Naturally, we had to wait until the last event of the night to see them. I remember hearing their cars well before I could see them as they were in back of the staging area. I cannot describe that unique sound because it was unlike anything I had heard earlier in the evening.
Two identically prepared hemi powered Barracudas in their red, white and blue livery thumped and shook as they idled toward the lights of the staging area.
One was equipped with a manual transmission and the other a heavy duty racing automatic. It was an impressive sight and well worth the price of admission just to see them sitting there under the lights.
It was painful to hear the motors revving up. When the tree lit, the noise became unbearable and I clapped my hands to my ears as those cars absolutely flew down the track. In about nine seconds, it was over.
As I recall, the automatic lost by less than one tenth of a second. My first ever experience at a drag racing event is something I will always remember.
At work one Monday morning, I casually mentioned to a co-worker the high speed traffic that seemed to occur late on Saturday nights westbound on Rt# 5.
My co-worker suggested that those cars were probably headed for the far side of the Annamoriah Bridge. I asked why they would go there as that was pretty much the middle of nowhere. He explained that was where they could test their cars by drag racing. I listened as he described in detail what usually occurred on those nights.
One person would be designated the "flashlight man". It would be his responsibility to station himself at the top of the hill as the drivers would go on down and cross the bridge, turn around and stage their cars side by side at the far entrance to the bridge facing back toward the Lewis Smith farm.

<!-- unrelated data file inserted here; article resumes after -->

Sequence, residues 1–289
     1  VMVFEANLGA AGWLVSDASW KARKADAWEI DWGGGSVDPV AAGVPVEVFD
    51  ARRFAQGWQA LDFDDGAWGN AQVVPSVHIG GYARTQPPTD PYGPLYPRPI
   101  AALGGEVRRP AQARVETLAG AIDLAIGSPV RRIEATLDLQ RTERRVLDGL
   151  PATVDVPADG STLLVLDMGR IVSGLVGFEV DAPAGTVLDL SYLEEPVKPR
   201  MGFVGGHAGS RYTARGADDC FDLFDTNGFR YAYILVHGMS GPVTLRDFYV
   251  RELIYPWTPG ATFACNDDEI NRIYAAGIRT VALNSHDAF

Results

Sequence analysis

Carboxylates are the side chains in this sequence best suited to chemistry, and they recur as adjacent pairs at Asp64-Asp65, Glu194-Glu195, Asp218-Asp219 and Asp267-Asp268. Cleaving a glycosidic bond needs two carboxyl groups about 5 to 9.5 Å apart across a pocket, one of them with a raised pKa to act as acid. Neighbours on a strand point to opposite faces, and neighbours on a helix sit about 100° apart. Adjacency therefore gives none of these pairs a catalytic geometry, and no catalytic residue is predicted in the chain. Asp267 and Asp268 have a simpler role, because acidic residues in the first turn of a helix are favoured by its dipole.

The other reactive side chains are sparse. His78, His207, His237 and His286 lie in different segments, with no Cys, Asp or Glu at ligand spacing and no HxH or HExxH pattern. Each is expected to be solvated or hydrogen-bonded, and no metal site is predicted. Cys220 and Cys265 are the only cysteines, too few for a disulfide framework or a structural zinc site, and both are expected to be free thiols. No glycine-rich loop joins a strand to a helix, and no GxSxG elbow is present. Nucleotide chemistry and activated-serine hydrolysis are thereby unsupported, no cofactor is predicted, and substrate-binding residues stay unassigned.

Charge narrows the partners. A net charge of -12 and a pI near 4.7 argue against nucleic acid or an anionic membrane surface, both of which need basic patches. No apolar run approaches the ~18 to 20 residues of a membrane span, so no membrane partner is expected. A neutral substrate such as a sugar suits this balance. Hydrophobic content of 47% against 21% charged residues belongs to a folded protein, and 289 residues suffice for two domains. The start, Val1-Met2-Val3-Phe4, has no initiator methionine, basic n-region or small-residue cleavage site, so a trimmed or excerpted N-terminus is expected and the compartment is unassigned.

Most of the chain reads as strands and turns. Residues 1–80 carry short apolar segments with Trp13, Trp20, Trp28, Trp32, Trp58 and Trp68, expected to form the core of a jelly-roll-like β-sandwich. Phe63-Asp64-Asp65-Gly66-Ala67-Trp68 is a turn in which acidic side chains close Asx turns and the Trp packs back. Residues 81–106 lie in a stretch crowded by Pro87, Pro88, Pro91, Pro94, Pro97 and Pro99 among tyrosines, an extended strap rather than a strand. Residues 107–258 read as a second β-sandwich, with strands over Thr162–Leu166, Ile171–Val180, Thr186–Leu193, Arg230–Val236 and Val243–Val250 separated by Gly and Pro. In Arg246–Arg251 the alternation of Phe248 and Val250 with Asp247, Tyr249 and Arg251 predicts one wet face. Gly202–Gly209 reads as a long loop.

The 'flashlight man" would stand in the road across from where the armory is now located. He would glance over his shoulder to determine the area was clear and no traffic was approaching. When his light blinked, that was the signal the drivers had been waiting for.
As their cars smoked across the bridge and surged up the hill, the "flashlight man" would look over his shoulder again and if he saw headlights, he would signal the cars to break it off and fall in line in order to avoid a bad situation.
After a few successful runs, the party would be over as porch lights in the neighborhood would be coming on and there was always the possibility that the law had been summoned. After my co-worker explained all this to me, I was surprised that he knew so much about that type of activity.
Those young men worked constantly on their cars and were proud of them. They spent many summer nights working together in a local rented garage. Someone would set a "boom box" on a window shelf and tune in WXIL, a favorite station hosted by "Uncle Dugger." They would listen to the latest popular songs while they installed after-market parts to upgrade their cars.
Visitors, who were always welcome, would drop by to see what was happening, watch the work being done and occasionally lend a hand. There would be much socializing and laughter and everyone would have a good time.
Those young drivers learned by experimentation how to take a car to the edge, find that edge and by sheer force of will make that car do extraordinary things. Things that you and I would never do.
Several of those men still live in Calhoun County today. Like everyone else, they grew older. They found jobs within the school system, various state agencies, the telephone company and the gas company. They were and still are excellent drivers because of their racing heritage.
If you would ask them today about those long ago summer nights, they will get a faraway look in their eyes and say to you that it was indeed a special time.
You might even coax a story or two. Stories that are outrageously funny and stories that are scary. I just wish that one of them had taken the time to write it all down. We would just love to read about their adventures when they were so young and beyond brave.
Purposely, I have not identified these men because I respect their right to privacy and I admire the driving skills that they developed. If they read this story, they will recognize themselves.
So, if you ever need someone to drive you quickly and safely to a distant place in a short period of time, there is someone, perhaps living near you, who can provide that service.